The route: Windy, flat, hilly, and windy. Did we mention the wind?

Who to watch: Mark Cavendish, Mads Pedersen, Dylan Groenewegen, and Remco Evenepoel are the biggest names. North Americans Robin Carpenter, Pier-André Coté, Matteo Dal-Cin, Adam De Vos, Colin Joyce, and Nickolas Zukowsky are also in the race for Rally Cycling.

Broadcast: GCN+

Ladies Tour of Norway

Annemiek van Vleuten will look to win the Tour of Norway. Photo: Bas Czerwinski/Getty Images

August 8 – August 15

What to know: The UCI Women’s WorldTour roars back to life after a hiatus due to the Olympics, and a smattering of top women’s racers will do battle in this hilly race. The defining feature of the Tour of Norway are the twists and turns and short hills on the route. The race is likely to be decided by stage 3, which concludes with the summit finish to Norefjell. Three-time defending champion Marianne Vos will not be in attendance this year. Sniff.

The route: This year the race takes in a section of hilly and coastal regions in southern Norway, with all stages in the 141-145-kilometer distance. There’s no individual time trial, but rather four hilly stages that include more than a few twists and turns. The race will be decided by the push up to Norefjell on stage 4. The climb is 10.5km in length with an average gradient of 5.9 percent. With such a short gradient, this race could be decided by a tactical move near the finish.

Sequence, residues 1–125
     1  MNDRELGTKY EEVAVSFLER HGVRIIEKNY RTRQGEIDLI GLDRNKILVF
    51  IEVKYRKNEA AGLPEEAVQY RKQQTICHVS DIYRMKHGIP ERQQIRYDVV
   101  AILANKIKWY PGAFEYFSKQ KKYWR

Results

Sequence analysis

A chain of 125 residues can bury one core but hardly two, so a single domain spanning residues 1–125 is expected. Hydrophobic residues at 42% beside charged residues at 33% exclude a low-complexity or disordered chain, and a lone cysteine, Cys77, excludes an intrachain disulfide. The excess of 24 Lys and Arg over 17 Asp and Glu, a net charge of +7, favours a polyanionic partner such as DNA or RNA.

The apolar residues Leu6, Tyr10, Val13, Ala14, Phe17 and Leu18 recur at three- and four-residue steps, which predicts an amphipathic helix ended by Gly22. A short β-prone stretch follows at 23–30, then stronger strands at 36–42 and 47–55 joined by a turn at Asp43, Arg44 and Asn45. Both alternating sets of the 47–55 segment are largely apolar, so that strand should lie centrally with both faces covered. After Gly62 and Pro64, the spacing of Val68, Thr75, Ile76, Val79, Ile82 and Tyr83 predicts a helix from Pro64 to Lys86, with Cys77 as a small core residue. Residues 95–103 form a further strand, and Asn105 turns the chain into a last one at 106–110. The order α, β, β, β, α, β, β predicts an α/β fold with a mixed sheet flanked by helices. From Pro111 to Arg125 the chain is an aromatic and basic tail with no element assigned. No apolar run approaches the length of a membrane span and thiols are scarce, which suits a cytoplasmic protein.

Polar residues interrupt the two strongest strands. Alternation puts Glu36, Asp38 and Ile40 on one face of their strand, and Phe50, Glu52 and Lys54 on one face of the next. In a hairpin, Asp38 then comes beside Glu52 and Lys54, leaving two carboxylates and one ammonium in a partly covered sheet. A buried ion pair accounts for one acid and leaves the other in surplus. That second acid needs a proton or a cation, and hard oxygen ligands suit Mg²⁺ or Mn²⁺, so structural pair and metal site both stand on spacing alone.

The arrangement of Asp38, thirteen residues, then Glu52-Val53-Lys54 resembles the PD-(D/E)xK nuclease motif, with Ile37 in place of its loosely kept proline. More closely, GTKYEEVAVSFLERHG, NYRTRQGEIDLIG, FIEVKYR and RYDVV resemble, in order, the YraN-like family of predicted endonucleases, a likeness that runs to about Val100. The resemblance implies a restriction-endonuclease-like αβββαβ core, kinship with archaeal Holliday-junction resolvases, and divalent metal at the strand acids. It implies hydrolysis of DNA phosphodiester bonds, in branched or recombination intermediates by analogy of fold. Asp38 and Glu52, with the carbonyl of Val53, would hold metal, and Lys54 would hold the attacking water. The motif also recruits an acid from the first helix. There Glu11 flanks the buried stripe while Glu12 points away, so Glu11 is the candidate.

Who to watch: Annemiek van Vleuten (Movistar) is the biggest star in attendance, with Lizzie Deignan (Trek-Segafredo), Niamh Fisher-Black (SD Worx), Sarah Gigante (Tibco-Silicon Valley Bank), Mavi Garcia (Ale-GTC-Ljubljana), and Sarah Roy (Team BikeExchange) all contenders to win as well. North Americans Leah Thomas, Alexis Ryan, Tayler Wiles, Alison Jackson, Coryn Rivera, and Kristen Faulkner also on the start list.

Broadcast: GCN+

Tour de l’Avenir

Julian Alaphilippe won a stage at the 2013 Tour de l’Avenir. Photo: James Startt

August 13 – August 22

What to know: The proverbial Tour de France for Under-23 riders returns in 2021 after a year hiatus due to COVID-19, and the 2021 route is impressive with its array of terrain. There’s a flat prologue, a hilly stage, and a flat individual time trial, two sprint stages, and then three brutal days in the Alps, culminating with the final stage that looks like a miniature Tour de France stage. The biggest story for American fans, however, is the absence of a single U.S. rider in the race this year. Canada has a national squad with six strong riders. With this race playing such an important role in advancing young riders into the pro ranks, the absence of a U.S. team should be seen as a black mark on the country’s development infrastructure.

The route: The race opens with a prologue and then straight into a hilly stage and an individual time trial, to determine the pecking order. The real fireworks are on stages 7, 8, and 9. Stage 7 finishes up the Grand Colombier; stage 8 takes in two massive Cat 1 climbs (including the hulking Col de la Croix de Fer) before the uphill drag to Saint Jean D’Arves; and the race concludes with another huge day. First up is the HC Col de l’Iseran before the final push to Col du Petit Saint-Bernard. If these names sound familiar, they are — these are the exact same mountains ridden in the Tour de France.

Who to watch: Any winner at this race is destined to accomplish big things later in his career.

Broadcast: GCN+